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Books, binders and bleed-control kits: How school shootings are changing classroom basics

When a student recently opened fire at a California high school, staff members did what they were trained to do. They shepherded students to safe spaces, barricaded doors, pulled shades — and, when gunfire struck, used techniques adapted from the battlefield to save lives.

The staffers used two bleeding-control kits in the Nov. 14 shooting in Santa Clarita, in which two students were killed and three injured before the gunman fatally shot himself, said Dave Caldwell, spokesman for the William S. Hart Union High School District. The kits, a recent addition to the district northwest of Los Angeles, are equipped with tourniquets, compression bandages and blood-clotting hemostatic gauze to prevent excessive blood loss.

Such kits have been pushed in school districts across the country. Georgia pioneered a statewide initiative to equip schools with Stop the Bleed Kits, for the 2017-18 academic year. This year, Texas, Arkansas and Indiana passed legislation to put them into schools. The Arkansas law requires public school students to be trained on the kits as part of the health curriculum to graduate.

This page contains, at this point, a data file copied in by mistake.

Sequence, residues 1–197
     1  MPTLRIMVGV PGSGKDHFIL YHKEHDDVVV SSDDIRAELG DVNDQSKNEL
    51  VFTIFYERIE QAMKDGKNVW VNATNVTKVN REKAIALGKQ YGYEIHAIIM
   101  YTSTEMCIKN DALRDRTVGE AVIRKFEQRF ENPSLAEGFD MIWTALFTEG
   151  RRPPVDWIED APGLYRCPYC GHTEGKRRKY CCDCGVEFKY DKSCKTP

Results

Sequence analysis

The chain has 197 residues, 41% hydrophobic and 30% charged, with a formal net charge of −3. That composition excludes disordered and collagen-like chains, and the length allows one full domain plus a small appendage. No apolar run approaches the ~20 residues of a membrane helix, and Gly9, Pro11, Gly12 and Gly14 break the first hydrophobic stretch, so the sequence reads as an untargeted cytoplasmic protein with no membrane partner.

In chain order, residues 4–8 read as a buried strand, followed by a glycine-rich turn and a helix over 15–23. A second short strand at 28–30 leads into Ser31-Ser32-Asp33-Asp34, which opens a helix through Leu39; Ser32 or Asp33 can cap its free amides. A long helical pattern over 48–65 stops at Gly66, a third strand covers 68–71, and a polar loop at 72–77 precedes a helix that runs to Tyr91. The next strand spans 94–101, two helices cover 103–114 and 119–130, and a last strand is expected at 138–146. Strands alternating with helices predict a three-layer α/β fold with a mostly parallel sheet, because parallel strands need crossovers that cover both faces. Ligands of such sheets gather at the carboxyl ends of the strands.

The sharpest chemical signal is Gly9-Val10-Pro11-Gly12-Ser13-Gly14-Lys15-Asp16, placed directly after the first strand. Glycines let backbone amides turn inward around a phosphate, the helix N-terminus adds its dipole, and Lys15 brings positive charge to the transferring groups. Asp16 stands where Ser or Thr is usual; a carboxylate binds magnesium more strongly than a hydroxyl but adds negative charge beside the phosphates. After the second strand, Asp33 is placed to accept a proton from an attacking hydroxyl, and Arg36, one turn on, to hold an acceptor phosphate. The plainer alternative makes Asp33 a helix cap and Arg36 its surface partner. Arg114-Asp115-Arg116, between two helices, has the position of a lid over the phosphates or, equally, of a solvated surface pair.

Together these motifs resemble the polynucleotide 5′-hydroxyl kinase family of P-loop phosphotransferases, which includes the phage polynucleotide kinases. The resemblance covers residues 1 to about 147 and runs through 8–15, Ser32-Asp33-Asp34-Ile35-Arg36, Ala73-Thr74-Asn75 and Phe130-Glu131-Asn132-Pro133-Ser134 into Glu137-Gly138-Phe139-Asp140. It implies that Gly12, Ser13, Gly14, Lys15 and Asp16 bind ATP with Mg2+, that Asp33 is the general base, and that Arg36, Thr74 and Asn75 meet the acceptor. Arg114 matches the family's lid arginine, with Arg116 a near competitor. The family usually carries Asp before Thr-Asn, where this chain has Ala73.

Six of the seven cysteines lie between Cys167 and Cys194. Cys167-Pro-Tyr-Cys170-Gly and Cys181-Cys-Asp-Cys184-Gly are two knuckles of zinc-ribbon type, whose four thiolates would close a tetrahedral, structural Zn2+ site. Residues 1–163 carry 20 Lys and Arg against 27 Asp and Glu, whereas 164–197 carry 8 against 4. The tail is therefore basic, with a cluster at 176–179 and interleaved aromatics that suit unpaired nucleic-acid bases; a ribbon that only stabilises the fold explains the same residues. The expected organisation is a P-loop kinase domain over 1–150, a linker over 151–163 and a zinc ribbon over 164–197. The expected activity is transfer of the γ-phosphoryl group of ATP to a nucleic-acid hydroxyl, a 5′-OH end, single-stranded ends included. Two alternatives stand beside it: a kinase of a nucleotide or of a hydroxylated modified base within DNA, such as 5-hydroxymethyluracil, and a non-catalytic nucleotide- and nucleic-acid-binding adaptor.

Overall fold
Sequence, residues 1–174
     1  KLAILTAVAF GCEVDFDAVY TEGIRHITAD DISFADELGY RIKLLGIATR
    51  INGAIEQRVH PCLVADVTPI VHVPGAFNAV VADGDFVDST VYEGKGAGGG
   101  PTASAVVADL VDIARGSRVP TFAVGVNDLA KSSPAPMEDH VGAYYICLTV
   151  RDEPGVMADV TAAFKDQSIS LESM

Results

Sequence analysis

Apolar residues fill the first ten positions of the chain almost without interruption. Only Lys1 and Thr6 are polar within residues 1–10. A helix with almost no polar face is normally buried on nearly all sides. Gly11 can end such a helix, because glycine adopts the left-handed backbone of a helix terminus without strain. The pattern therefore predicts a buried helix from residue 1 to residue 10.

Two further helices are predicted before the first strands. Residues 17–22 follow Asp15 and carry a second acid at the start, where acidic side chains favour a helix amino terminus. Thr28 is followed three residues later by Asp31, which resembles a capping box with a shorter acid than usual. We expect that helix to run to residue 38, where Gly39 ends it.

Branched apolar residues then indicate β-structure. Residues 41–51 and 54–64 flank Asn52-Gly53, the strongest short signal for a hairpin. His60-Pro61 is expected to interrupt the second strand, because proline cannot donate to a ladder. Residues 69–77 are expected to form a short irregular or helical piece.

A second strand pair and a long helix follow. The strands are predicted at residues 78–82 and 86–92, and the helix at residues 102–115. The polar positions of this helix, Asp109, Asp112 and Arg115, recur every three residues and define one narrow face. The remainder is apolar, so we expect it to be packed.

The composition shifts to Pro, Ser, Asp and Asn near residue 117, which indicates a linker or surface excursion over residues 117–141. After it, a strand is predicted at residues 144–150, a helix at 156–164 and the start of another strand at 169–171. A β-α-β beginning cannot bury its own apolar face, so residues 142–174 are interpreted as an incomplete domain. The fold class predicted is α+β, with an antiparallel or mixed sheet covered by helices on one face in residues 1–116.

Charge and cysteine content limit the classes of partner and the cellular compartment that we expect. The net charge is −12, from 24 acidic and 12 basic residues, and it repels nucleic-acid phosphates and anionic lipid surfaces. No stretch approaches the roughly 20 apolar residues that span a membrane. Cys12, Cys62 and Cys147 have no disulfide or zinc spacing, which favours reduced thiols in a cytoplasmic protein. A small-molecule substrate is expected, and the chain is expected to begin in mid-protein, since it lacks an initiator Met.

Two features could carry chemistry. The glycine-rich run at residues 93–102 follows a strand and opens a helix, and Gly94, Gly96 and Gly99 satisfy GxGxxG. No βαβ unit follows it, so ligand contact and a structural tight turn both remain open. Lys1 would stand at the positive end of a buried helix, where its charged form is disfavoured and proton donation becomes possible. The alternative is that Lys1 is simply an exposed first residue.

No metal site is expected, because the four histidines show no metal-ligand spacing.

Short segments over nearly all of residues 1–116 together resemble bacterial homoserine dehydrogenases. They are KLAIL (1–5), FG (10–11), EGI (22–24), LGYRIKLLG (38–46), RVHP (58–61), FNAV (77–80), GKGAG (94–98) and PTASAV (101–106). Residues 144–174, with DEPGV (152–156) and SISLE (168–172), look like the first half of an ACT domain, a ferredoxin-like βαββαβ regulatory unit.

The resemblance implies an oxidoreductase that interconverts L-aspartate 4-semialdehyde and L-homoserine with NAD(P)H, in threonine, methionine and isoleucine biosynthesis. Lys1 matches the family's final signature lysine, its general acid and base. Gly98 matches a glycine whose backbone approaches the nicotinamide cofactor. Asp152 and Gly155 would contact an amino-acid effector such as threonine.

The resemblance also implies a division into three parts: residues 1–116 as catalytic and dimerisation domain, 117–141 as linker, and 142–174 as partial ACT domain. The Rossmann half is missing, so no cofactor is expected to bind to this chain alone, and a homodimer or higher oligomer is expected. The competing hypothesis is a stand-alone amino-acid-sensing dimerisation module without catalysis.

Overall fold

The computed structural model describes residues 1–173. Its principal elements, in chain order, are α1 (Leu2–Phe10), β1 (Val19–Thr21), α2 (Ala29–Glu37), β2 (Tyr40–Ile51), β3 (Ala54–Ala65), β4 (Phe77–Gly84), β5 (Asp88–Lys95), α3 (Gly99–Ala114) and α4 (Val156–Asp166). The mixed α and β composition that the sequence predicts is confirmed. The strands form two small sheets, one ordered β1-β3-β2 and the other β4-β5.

Some gun control advocates say the efforts sap the political energy needed to reduce the actual violence. Most of the policies on bleeding-control kits have occurred in Republican-led states, where gun control may be especially unlikely to pass. Still, Democrat-controlled Illinois is among those to have picked up the campaign, with the Illinois Terrorism Task Force announcing in September plans to distribute 7,000 of the kits to the state’s public schools.

There is no statewide mandate for the kits in California. Rather, two students in the William S. Hart Union High School District took the initiative there.

Sisters Cambria, 15, and Maci Lawrence, 13, were worried about school shootings and natural disasters.

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